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Senate Votes 95 – 1 To Allow Sweden And Finland To Join NATO

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OPINION: This article may contain commentary which reflects the author's opinion.


President Joe Biden was able to get every Senator, Republican and Democrat, except for one to be on board with approving a resolution to bring Sweden and Finland in NATO.

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The vote came as the war between Russia and Ukraine continues one Republican Sen. Josh Hawley of Missouri was not a fan.

The senator penned a piece for The National Interest explaining his reasoning ahead of the vote.

“Finland and Sweden want to join the Atlantic Alliance to head off further Russian aggression in Europe. That is entirely understandable given their location and security needs. But America’s greatest foreign adversary doesn’t loom over Europe. It looms in Asia. I am talking of course about the People’s Republic of China. And when it comes to Chinese imperialism, the American people should know the truth: the United States is not ready to resist it. Expanding American security commitments in Europe now would only make that problem worse—and America, less safe,” he said.

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“America shouldn’t abandon NATO. But it’s time for our European allies to do more. In particular, they must take primary responsibility for the conventional defense of Europe by investing more in their own militaries. All the way back in 2006, NATO member states pledged to spend at least 2 percent of their GDP on national defense. It should be higher. The United States spends far more than that on defense. But many NATO members still haven’t met even this minimal commitment,” the senator argued.

“As to Sweden and Finland, both nations are advanced economies, with capable militaries. But they haven’t yet made the policy commitments appropriate to their geostrategic positions. Sweden doesn’t spend 2 percent of its GDP on defense and won’t for years to come. And Finland, though it announced a one-time defense spending boost, hasn’t made clear whether it will sustain these levels. In the event of a future conflict in Europe, U.S. forces would almost certainly be called in to defend both countries,” he said.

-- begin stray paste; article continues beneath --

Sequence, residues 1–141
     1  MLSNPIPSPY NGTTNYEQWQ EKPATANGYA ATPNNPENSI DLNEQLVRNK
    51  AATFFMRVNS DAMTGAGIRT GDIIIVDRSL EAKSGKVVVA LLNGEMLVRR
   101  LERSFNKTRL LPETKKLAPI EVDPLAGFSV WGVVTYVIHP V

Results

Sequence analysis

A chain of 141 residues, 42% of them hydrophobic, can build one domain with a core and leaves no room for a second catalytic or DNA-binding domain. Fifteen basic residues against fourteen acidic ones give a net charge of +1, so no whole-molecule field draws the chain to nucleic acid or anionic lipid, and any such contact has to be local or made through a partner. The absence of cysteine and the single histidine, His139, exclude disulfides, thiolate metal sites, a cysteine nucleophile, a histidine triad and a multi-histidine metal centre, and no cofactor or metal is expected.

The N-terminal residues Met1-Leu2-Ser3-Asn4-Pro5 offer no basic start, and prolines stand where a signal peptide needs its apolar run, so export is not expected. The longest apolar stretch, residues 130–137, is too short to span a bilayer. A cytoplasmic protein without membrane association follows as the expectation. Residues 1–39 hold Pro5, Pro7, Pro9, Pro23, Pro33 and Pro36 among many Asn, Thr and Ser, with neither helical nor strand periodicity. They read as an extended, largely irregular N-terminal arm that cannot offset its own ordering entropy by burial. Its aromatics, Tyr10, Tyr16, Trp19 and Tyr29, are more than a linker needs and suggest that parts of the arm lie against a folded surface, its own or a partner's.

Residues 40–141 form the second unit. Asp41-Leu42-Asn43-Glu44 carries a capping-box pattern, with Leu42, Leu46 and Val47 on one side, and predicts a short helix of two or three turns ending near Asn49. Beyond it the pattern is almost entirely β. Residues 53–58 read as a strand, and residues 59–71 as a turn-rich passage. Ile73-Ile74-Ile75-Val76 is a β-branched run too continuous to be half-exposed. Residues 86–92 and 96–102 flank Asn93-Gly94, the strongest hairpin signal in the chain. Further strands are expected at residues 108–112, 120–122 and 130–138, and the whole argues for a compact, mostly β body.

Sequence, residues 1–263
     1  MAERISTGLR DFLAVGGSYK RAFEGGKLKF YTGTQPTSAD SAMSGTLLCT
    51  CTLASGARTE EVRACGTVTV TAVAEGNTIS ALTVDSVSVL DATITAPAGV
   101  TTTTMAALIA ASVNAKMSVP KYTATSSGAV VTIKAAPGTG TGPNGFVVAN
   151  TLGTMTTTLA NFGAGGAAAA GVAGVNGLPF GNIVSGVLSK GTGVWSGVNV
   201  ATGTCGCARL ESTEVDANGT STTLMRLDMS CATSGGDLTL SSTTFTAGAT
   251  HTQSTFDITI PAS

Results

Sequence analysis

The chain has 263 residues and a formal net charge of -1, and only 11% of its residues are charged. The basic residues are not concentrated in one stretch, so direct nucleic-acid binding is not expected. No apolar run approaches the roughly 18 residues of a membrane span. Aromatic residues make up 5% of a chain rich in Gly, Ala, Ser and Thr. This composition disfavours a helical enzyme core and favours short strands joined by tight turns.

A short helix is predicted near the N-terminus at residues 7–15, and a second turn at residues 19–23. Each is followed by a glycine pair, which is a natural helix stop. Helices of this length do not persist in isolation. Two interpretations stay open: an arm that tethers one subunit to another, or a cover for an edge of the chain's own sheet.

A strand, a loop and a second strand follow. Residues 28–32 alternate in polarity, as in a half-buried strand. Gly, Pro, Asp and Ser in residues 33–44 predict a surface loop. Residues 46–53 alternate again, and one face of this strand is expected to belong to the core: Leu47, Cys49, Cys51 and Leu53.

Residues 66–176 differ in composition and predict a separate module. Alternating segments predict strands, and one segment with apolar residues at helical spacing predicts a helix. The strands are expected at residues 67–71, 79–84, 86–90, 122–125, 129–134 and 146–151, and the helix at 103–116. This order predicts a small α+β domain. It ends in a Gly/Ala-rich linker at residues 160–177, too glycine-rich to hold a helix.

Republican Sens. Ted Cruz and Marco Rubio argued against Sen. Hawley’s reasoning.

“We don’t beat China by retreating from the rest of the world,” Sen. Cruz said. “We beat China by standing with our allies against our enemies.”

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“A stronger NATO allows America to focus on the threat of Communist China,” Sen. Rubio said in his own op-ed.

“A strong and unified NATO is a powerful asset in the contest with Beijing,” he said. “When Finland and Sweden join the alliance’s ranks and the free peoples of Europe become stronger than ever, more US resources will be available to focus on countering Communist China. If we do not rise to the challenge, it will be too late, and Americans will be held hostage by a totalitarian regime half a world away.”

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President Joe Biden cheered the Senate’s vote.

“This historic vote sends an important signal of the sustained, bipartisan U.S. commitment to NATO, and to ensuring our Alliance is prepared to meet the challenges of today and tomorrow. I thank the members of the Senate – especially Majority Leader Schumer, Minority Leader McConnell, Senator Menendez and Senator Risch — for their leadership and for quickly advancing the ratification process, the fastest Senate process for a NATO protocol since 1981. Finland and Sweden joining the Alliance will further strengthen NATO’s collective security and deepen the transatlantic partnership,” the president said.

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“As I told Prime Minister Andersson and President Niinistö when I hosted them at the White House in May, the United States remains committed to the security of Sweden and Finland. We will continue working to remain vigilant against any threats to our shared security, and to deter and confront aggression or the threat of aggression,” he said.

“I look forward to signing the accession protocols and welcoming Sweden and Finland, two strong democracies with highly capable militaries, into the greatest defensive alliance in history,” he s

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